August 24 marks the first anniversary of the Supreme Court’s seminal judgment on the right to privacy in Justice KS Puttaswamy (Retd.) v. Union of India, which was a watershed moment in Indian fundamental rights jurisprudence. Now, it is not often that nine judges of the Apex Court of the country come together to pronounce a unanimous judgment. However, the developments since its pronouncement have only battered the tall principles laid out by the Constitution Bench instead of making these rights stronger, or even implementing them in letter and spirit—citizens are still being forced to opt for Aadhaar and the Justice Srikrishna Committee report was practically an attempt at diluting the principles so gleefully celebrated after the Puttaswamy judgement, while the judgment on Section 377 of the Indian Penal Code is being eagerly awaited.
Saving our privacy? The proposed data protection regime
It may be recalled here that the Government’s efforts to introduce a data protection and surveillance oversight legislation for the protection of citizens data privacy rights as a consequence of the Attorney General for India’s attempts to alleviate the criticism of Aadhaar and like programmes during the right to privacy hearing.
The committee, set up in July last year under the chairmanship of Justice BN Srikrishna, a retired judge of the Supreme Court, submitted its report last month, after a year of secrecy-shrouded on its deliberations. While since then activists and legal experts have pointed out several gaps in the draft bill and the report as such, the most striking feature of the recommendations is its undermining of the legal principles propounded by the right to privacy judgment, with its attempts to place digital economy ahead of individual’s rights over data.
As Advocates Apar Gupta and Ujwala Uppaluri point out, that committee report, “A Free and Fair Digital Economy: Protecting Privacy, Empowering Indians”, propounds the apparent hierarchy in its title: the common good and economy take precedence over individual rights. This runs in a direction opposite to the Puttaswamy judgment, which had rejected the argument that the right to privacy dissolves in the face of amorphous collective notions of economic development.
Now, the Puttaswamy judgment was precisely celebrated because of the hope that individual rights would be accorded the pedestal that they deserve. The report, however, gives the state carte blanche in the legitimate tension between data privacy rights and the imperatives of governance and security. Naturally, its acceptance in entirety or even in parts by the government would be a travesty of justice, until significant reforms are carried out not just in the recommendations made by the committee but also in the non-transparent and non-inclusive approach adopted by it.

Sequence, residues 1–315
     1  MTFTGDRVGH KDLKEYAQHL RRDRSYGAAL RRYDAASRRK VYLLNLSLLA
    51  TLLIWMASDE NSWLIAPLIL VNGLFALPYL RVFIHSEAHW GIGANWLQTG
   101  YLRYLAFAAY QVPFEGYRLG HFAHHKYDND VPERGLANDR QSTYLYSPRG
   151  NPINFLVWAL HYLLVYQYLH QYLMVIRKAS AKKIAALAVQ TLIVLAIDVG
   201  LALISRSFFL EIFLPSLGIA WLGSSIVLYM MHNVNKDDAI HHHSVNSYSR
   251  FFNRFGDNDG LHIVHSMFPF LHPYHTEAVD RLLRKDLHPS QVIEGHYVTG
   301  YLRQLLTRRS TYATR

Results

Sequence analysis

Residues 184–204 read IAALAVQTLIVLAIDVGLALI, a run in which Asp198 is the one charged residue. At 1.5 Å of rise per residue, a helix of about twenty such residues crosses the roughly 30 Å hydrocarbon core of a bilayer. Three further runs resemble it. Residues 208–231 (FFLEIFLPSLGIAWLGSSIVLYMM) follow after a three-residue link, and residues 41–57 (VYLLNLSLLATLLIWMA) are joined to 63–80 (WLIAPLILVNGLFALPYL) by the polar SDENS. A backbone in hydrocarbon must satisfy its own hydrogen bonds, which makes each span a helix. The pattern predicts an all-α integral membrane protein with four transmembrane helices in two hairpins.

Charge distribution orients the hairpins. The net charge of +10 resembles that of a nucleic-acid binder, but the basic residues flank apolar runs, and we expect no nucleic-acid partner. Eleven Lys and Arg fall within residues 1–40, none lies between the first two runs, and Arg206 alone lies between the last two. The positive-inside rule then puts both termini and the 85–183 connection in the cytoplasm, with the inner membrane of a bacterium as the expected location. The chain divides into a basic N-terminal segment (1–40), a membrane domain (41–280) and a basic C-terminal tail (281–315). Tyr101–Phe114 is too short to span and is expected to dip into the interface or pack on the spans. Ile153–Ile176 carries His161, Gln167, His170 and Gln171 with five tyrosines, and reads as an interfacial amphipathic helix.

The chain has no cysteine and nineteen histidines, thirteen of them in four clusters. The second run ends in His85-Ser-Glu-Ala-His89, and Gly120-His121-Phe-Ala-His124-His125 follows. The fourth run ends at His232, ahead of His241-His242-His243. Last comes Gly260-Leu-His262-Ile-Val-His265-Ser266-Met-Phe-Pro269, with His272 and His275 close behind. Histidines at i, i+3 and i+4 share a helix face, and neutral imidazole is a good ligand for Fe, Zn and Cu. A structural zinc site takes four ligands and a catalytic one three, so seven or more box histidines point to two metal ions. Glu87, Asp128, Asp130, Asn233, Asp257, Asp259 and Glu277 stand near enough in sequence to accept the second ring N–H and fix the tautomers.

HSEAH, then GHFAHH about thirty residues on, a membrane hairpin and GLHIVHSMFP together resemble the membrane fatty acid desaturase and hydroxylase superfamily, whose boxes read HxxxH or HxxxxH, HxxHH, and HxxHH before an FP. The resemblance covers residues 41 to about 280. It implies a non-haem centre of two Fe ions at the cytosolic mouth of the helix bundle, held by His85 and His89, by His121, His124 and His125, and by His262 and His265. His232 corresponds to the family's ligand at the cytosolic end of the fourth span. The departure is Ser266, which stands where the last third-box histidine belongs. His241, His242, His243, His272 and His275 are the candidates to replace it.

Sabka Aadhaar: By hook or by crook
While a robust data protection regime is expected to significantly alleviate the concerns on Aadhaar, the current state attitude towards the scheme is nevertheless worrisome, to say the least. Citizens are still being compelled to opt into the scheme by “threatening” denial of the same, despite Supreme Court orders warning against it, and the allegations of major data breaches in the Aadhaar system are only worsening the citizens’ apprehensions.
Advocate Prasanna S., who assisted Senior Counsel Shyam Divan while representing the four privacy petitioners, feels that while the pronouncement of the judgment was monumental, it hasn’t shown the desired effect on the ground. He told LiveLaw:
“…it has to be said that the pronouncement of the judgment has done very little in terms of altering state practice. The unlawful and indiscriminate collection, interception, use and disclosure of personal data continues unabated and unjustifiable and there is an urgent need to bring in an institutional mechanism to justice and enforce the right to privacy through a comprehensive central law.
We have also seen that Aadhaar, the context in which the 9-judge bench judgment was delivered, continues without altering any of its practices. People continue to be threatened with denial of one service or another for want of Aadhaar or for want of successful authentication. People also continue to be asked by government and private entities alike to link their Aadhaar number with every transaction even as the final judgment on the constitutionality of Aadhaar and its extent is still awaited.”
Section 377: A colonial Burden
Perhaps the most awaited impact of the right to privacy judgment has been on Section 377 of the Indian Penal Code, the British-era law that criminalizes “carnal intercourse against the order of nature”, excluding same-sex relations between adults in private and hence, effectively decriminalizing homosexuality.